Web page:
In most insect species, juvenile hormones regulate critical physiological processes such as metamorphosis and reproduction. In insects, these sesquiterpenoids are synthesized by retrocerebral endocrine organs, the corpora allata, via the classical mevalonate (MVA) pathway. One of these compounds, juvenile hormone III (JH III), has also been identified in the sedge Cyperus iria. In higher plants, biosynthesis of the sesquiterpenoid backbone may proceed through two distinct pathways: the MVA pathway or the 2C-methyl erythritol 4-phosphate pathway or through a combination of both pathways. Cell suspension cultures of C. iria were used to elucidate the biosynthetic pathway of JH III in the plant. Enzyme inhibition and labeling studies conclusively demonstrated that the biosynthesis of the sesquiterpenoid backbone of JH III proceeds via the MVA pathway. Inhibitor and precursor feeding studies also suggest that later steps of JH III biosynthesis in C. iria are similar to the insect pathway and that the final enzymatic reaction in JH III biosynthesis is catalyzed by a cytochrome P(450) monooxygenase. (+info)
(2/20) Oscillations of plants' stems and their damping: theory and experimentation.
Free oscillations of upright plants' stems, or in technical terms slender tapered rods with one end free, can be modelled by considering the equilibrium between bending moments and moments resulting from inertia. For stems with apical loads and negligible mass of the stem and for stems with finite mass but without top loading, analytical solutions of the differential equations with appropriate boundary conditions are available for a finite number of cases. For other cases approximations leading to an upper and a lower estimate of the frequency of oscillation omega can be derived. For the limiting case of omega = 0, the differential equations are identical with Greenhill's equations for the stability against Euler buckling of slender poles. To illustrate, the oscillation frequencies of 25 spruce trees (Picea sitchensis (Bong.) Carr.) were compared with those calculated on the basis of their morphology, their density and their static elasticity modulus. For Arundo donax L. and Cyperus alternifolius L. the observed oscillation frequency was used in turn to calculate the dynamic elasticity modulus, which was compared with that determined in three-point bending. Oscillation damping was observed for A. donax and C. alternifolius for plants' stems with and without leaves or inflorescence. In C. alternifolius the difference can be attributed to the aerodynamic resistance of the leaves, whereas in A. donax structural damping in addition plays a major role. (+info)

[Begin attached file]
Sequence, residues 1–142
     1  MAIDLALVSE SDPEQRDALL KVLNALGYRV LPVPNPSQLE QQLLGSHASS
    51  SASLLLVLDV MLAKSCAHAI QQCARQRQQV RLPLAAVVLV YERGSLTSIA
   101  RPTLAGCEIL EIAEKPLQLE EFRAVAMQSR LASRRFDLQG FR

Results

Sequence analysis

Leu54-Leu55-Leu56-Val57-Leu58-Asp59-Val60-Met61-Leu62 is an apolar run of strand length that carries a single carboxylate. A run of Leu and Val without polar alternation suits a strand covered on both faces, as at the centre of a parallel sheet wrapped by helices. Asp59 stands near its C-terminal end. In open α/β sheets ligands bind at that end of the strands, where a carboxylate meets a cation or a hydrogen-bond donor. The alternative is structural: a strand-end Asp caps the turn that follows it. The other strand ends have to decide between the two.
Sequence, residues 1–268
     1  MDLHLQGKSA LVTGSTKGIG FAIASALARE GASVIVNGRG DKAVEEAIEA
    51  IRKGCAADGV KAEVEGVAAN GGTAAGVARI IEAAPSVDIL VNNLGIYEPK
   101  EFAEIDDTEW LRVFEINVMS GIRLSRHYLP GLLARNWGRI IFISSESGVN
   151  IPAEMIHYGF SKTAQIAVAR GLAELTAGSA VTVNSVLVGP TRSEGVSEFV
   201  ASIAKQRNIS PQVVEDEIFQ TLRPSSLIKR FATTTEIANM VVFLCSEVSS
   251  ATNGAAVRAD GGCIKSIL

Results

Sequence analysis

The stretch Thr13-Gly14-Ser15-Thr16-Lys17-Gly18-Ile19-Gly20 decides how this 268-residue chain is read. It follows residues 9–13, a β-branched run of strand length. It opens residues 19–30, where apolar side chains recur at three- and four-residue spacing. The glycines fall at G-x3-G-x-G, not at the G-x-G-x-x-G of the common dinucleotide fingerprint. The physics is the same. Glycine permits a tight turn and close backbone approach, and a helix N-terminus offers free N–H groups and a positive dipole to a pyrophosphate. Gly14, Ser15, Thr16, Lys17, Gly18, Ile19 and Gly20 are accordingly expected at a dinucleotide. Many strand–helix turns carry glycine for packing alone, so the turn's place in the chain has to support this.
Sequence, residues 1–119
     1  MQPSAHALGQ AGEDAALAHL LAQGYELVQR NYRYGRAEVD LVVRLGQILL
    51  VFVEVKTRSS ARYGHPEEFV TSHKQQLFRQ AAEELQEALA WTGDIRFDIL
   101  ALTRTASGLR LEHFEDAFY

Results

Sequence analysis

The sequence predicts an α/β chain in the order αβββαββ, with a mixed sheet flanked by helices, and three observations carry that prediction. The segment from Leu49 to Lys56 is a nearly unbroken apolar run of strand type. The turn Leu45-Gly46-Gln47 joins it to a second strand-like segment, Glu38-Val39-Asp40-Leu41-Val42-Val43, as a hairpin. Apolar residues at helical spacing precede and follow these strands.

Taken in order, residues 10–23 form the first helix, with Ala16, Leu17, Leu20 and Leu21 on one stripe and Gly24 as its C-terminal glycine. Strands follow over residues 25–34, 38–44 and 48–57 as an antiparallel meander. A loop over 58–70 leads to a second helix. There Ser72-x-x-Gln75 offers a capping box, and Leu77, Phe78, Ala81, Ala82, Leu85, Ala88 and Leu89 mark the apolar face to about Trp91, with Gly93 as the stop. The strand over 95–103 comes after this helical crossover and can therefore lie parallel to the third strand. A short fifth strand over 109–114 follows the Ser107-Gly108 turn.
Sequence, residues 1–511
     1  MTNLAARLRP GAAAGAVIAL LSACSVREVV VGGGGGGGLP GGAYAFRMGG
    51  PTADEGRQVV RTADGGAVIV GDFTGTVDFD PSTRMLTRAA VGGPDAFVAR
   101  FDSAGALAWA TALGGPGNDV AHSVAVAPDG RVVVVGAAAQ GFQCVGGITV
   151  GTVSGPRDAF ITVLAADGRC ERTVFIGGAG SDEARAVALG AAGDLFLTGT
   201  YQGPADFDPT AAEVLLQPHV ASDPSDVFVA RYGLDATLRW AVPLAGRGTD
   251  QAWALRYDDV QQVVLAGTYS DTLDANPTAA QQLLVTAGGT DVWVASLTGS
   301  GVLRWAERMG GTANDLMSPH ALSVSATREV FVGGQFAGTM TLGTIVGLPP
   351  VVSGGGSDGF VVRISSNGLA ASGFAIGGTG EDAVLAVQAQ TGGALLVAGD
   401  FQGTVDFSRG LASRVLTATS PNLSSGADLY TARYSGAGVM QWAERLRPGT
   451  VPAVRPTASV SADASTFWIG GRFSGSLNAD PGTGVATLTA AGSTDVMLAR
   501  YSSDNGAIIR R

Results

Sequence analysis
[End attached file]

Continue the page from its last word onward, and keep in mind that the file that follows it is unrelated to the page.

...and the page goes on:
(3/20) Symptomatology and morphology of Claviceps cyperi on yellow nut sedge in South Africa.
Symptoms of ergot on yellow nut sedge, germination of sclerotia of the causal organism, Claviceps cyperi, and morphology of fresh specimens of the pathogen are described for the first time. The initial symptom of infection was a black sooty layer on inflorescences of infected plants due to colonization of the ergot honeydew by Cladosporium cladosporioides. Sclerotia of C. cyperi started to develop in March and April and could be discerned as small protuberances on inflorescences in the place of seed. Mature sclerotia were purplish-black. They generally remained viable for less than a year and germinated without prior cold treatment, although exposure for 21 d to 5 C before incubation significantly increased the germination rate. Under moist conditions at 24 C in the laboratory, germination commenced within 4-8 wk. Stromata took about 12 d to mature. Mature capitula were distinctly lobulate with a perithecium embedded in each lobe and a collar-like appendage around the base. Although dimensions of sclerotia, stipes, capitula, asci and ascospores were larger than in the original description, the general morphology supports treatment of C. cyperi as a distinct species. (+info)